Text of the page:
The Koobface botnet and the rise of social malware?

Kurt Thomas, David M. Nicol

Research output: Chapter in Book/Report/Conference proceedingConference contribution

Abstract

As millions of users flock to online social networks, sites such as Facebook and Twitter are becoming increasingly attractive targets for spam, phishing, and malware. The Koobface botnet in particular has honed its efforts to exploit social network users, leveraging zombies to generate accounts, befriend victims, and to send malware propagation spam. In this paper, we explore Koobface's zombie infrastructure and analyze one month of the botnet's activity within both Facebook and Twitter. Constructing a zombie emulator, we are able to infiltrate the Koobface botnet to discover the identities of fraudulent and compromised social network accounts used to distribute malicious links to over 213,000 social network users, generating over 157,000 clicks. Despite the use of domain blacklisting services by social network operators to filter malicious links, current defenses recognize only 27% of threats and take on average 4 days to respond. During this period, 81% of vulnerable users click on Koobface spam, highlighting the ineffectiveness of blacklists.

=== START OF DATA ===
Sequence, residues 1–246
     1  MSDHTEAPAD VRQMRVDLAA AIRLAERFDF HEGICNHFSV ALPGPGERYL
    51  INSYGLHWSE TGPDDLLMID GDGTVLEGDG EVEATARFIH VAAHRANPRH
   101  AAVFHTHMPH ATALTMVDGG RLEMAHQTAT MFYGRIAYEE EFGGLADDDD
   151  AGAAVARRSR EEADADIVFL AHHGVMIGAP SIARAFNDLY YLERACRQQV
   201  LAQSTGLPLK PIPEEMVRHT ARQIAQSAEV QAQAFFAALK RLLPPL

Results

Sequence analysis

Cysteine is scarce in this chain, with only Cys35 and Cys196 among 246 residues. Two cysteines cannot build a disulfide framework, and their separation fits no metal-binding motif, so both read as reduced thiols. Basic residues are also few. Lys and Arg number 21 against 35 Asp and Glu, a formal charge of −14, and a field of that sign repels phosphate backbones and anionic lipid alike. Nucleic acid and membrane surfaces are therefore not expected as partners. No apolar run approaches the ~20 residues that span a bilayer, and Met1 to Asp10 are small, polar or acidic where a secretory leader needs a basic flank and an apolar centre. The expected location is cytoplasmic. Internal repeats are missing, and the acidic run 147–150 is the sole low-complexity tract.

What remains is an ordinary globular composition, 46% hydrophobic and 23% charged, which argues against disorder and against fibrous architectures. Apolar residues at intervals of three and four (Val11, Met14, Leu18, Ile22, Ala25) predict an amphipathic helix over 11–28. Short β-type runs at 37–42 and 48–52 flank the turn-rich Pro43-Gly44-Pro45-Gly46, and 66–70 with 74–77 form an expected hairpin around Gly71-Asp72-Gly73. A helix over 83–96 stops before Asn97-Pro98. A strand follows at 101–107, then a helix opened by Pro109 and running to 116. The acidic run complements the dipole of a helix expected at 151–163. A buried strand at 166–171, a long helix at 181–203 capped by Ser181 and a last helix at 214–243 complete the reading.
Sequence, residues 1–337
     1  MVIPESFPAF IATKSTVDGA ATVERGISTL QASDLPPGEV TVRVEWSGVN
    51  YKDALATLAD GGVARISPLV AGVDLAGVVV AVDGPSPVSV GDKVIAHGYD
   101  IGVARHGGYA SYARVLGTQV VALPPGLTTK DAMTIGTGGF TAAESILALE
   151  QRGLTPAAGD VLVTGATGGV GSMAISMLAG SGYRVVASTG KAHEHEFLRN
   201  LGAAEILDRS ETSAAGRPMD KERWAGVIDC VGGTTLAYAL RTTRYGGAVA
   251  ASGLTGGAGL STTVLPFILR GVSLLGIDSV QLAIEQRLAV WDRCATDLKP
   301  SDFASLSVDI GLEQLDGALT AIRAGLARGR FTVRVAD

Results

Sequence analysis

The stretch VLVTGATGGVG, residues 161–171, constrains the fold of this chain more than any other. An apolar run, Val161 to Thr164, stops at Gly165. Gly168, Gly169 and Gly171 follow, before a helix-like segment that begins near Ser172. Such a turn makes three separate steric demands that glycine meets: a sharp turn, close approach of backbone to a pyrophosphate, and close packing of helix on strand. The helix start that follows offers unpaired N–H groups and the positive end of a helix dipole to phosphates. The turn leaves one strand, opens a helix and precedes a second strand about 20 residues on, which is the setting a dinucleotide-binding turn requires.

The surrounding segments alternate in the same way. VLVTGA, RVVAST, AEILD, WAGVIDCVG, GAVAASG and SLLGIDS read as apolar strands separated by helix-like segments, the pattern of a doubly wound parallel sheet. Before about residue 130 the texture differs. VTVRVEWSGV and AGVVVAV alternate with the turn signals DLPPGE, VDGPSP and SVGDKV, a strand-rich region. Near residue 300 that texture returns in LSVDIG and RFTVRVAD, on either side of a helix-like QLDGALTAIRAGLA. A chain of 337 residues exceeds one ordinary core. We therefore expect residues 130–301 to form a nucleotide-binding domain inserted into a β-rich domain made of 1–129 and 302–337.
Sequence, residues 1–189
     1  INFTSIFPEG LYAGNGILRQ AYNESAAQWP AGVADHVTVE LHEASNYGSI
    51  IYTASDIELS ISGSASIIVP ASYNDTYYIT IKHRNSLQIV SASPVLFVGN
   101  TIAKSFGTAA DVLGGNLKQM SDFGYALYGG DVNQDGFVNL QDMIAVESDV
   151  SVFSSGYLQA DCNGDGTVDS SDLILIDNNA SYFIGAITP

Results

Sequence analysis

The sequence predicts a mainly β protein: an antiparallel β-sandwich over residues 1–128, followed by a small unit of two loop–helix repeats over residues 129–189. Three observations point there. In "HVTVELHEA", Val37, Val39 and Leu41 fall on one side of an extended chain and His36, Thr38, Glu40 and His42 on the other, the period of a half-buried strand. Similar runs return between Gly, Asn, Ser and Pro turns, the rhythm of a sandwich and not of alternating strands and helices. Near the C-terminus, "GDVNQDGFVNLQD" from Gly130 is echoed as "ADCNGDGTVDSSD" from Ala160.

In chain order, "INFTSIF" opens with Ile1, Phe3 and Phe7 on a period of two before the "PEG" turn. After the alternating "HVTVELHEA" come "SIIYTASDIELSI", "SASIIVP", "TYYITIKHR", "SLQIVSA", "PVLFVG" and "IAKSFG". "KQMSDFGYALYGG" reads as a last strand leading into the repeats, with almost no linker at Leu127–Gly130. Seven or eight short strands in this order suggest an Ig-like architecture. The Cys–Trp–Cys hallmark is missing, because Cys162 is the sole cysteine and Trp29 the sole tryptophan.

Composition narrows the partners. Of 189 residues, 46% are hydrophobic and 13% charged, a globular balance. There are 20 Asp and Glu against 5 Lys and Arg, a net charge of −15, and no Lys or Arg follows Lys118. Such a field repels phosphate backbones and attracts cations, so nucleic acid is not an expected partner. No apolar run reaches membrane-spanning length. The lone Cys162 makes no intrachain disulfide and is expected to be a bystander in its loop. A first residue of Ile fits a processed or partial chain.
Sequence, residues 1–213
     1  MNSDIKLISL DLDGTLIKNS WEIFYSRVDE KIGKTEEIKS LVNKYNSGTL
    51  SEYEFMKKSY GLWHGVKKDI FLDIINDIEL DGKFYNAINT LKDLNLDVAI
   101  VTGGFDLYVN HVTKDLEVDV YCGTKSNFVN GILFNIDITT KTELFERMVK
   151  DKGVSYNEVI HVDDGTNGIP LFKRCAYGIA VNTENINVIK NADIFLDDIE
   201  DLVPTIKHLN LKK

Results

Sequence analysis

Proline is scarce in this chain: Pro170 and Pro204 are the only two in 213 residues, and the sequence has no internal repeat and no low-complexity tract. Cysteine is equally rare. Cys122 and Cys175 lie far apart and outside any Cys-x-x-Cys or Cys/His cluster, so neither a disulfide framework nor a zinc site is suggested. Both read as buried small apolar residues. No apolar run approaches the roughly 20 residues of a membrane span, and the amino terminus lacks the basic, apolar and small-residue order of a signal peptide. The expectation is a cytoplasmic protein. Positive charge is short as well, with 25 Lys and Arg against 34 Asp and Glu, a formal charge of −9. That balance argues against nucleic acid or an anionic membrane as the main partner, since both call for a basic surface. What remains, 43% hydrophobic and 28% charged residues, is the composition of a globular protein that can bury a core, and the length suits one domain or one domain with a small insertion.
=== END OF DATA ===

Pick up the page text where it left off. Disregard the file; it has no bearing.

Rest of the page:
Original languageEnglish (US)
Title of host publicationProceedings of the 5th IEEE International Conference on Malicious and Unwanted Software, Malware 2010
Pages63-70
Number of pages8
DOIs
StatePublished - 2010
Event5th International Conference on Malicious and Unwanted Software, Malware 2010 - Nancy, France
Duration: Oct 19 2010Oct 20 2010

Publication series

NameProceedings of the 5th IEEE International Conference on Malicious and Unwanted Software, Malware 2010

Other

Other5th International Conference on Malicious and Unwanted Software, Malware 2010
CountryFrance
CityNancy
Period10/19/1010/20/10

ASJC Scopus subject areas

  • Software

Fingerprint Dive into the research topics of 'The Koobface botnet and the rise of social malware?'. Together they form a unique fingerprint.

Cite this